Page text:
Books of assumption of thirds of benefices and Accounts of the collectors of thirds of benefices: The Parish church parsonage and vicarage with priory of St Andrews, parsonage set for £160. Vicarage rents £33 6s 8d.(9)

1611 (9 Aug) A visitation of the church (of Falkland) finds the minister (James Pitcairne) to be competent, and the kirk is ordained to be repaired; my lord of Glamis promises to be built an aisle on the south side and to contribute nails for building of an aisle on the north side of the church directly opposite to the aisle to be built by the lord of Slane. The gentlemen of the landward parish are ordained to build the other half or third part of the said north aisle.(10) [definitely the church of Falkland, which suggests that it had moved from Kilgour by this date]

1647 (4 Mar) William Levingstone, minister of Falkland, complains that his benefice is prejudiced by tacks of the vicarage by the previous incumbent.(11)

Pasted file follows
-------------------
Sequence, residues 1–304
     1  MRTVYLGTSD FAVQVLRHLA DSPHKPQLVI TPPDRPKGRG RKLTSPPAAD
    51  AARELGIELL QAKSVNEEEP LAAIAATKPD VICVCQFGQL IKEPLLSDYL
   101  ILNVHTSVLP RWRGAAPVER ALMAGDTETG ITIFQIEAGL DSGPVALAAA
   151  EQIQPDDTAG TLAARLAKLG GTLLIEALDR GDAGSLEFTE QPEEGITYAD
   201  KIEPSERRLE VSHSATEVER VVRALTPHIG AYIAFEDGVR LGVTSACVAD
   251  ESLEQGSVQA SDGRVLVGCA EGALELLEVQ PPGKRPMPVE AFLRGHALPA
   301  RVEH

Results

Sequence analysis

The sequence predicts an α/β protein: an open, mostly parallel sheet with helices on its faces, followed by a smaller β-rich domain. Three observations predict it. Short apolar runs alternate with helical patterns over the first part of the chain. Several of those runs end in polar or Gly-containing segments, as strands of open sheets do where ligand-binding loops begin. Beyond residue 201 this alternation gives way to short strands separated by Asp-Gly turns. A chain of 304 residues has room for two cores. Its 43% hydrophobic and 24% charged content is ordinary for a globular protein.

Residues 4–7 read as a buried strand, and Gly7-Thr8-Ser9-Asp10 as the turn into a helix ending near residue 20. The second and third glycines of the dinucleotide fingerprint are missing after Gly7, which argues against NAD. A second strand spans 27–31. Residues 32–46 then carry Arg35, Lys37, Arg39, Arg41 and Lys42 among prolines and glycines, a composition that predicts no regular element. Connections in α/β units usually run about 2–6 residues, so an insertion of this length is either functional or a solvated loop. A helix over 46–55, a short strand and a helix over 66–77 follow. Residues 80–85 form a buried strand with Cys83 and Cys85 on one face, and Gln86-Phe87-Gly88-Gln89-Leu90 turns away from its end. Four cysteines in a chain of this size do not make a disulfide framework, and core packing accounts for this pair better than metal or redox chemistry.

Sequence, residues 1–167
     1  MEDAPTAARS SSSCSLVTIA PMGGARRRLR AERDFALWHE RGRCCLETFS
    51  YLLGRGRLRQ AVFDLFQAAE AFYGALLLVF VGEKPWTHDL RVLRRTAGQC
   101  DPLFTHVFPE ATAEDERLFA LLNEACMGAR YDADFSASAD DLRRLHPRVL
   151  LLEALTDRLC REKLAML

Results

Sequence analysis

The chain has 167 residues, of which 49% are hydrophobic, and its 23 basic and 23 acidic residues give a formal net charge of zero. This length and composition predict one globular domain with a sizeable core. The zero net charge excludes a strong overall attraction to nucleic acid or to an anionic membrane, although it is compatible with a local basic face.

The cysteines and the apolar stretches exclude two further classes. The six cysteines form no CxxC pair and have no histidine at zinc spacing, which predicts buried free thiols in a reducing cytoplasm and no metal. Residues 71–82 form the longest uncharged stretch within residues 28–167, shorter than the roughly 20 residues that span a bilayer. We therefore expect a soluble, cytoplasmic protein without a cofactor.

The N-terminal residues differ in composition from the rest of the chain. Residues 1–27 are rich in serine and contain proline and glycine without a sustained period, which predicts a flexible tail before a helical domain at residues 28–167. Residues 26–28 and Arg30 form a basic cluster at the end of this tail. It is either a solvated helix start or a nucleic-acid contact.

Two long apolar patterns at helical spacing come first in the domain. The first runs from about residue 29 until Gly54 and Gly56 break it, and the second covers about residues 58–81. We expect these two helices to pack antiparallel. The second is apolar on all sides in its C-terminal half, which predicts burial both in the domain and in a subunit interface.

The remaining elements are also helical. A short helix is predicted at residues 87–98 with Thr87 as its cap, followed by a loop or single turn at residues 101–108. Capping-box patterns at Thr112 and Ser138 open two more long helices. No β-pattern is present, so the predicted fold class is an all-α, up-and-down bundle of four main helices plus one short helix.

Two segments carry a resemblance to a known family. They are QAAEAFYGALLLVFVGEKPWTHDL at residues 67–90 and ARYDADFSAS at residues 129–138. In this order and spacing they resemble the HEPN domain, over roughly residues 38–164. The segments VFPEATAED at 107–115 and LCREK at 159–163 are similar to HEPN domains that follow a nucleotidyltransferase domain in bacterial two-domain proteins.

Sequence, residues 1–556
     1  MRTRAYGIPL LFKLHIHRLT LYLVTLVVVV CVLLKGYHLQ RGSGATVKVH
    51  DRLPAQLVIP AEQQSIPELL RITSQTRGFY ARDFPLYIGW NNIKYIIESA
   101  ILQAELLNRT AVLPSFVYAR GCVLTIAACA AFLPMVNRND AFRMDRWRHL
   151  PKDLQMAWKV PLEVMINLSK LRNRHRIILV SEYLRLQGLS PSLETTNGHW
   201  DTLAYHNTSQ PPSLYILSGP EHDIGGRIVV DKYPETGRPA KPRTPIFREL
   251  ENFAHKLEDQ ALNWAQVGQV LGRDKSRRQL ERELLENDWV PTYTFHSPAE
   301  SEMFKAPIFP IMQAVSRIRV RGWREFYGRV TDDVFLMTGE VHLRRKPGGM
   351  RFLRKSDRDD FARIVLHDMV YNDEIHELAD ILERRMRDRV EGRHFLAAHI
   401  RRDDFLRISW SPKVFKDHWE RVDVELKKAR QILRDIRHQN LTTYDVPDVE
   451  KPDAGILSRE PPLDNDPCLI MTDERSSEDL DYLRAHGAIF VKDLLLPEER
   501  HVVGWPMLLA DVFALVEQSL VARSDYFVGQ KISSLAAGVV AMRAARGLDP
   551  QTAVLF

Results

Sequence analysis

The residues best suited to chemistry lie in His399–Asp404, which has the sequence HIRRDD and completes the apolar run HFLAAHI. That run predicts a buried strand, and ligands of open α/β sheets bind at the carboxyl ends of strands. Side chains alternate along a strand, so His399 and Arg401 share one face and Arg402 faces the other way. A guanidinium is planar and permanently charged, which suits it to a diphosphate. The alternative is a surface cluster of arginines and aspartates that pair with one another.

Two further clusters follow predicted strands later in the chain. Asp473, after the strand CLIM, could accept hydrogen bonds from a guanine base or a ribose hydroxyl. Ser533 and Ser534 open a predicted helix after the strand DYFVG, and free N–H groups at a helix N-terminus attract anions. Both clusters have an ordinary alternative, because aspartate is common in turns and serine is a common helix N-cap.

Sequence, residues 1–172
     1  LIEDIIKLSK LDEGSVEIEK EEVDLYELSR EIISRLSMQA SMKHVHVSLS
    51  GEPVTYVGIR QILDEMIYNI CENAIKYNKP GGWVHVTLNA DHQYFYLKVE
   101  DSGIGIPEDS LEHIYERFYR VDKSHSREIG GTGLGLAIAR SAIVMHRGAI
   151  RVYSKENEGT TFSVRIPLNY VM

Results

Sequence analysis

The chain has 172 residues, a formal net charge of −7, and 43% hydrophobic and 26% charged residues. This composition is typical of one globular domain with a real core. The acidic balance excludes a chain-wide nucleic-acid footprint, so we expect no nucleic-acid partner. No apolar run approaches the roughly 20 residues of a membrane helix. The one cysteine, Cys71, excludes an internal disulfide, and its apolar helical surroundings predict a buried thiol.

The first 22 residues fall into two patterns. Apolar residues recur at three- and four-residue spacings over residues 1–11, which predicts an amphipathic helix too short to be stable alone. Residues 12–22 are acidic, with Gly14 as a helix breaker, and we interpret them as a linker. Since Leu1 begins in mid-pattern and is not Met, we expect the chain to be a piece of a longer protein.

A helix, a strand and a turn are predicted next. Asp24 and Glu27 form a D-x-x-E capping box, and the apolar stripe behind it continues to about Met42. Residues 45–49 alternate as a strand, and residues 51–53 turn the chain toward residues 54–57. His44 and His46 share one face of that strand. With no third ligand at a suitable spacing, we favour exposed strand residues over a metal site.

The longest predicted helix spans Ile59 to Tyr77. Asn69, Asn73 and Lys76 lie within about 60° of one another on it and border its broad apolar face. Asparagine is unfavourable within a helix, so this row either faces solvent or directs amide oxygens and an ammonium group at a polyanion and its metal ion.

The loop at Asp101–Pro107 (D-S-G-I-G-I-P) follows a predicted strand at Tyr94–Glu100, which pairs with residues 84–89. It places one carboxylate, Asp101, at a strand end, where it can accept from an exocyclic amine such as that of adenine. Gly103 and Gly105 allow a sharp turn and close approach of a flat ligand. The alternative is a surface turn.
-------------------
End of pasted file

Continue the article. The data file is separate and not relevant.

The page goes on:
1667 (15 Dec) £1 12s paid for half a hundred slates for mending the hole in the kirk.(12)

1668 (16 Feb) 40s given to a glass wright for a window in the north side of the aisle.(13)

1672 (7 Apr) The kirk session orders that the Laird of Pikloched pays for building of a burial place and dykes and gates (cost £500 marks).(14)

1676 (28 May) William Marshall (on behalf of the session) went to the burial ground in Kilgour to check the dykes which had fallen down, 45 scots paid to a workmen to sort it out. The workman allowed to yse the stones that are lying there [presumably these came from old church in the centre of the burial ground].(15)

1679 (9 Aug) Some of the heritors met with the minister for taking a cause for repairing the roof of the church which is ruinous (stent made for slaits, lime, nails and for pointing the back side of the church).(16)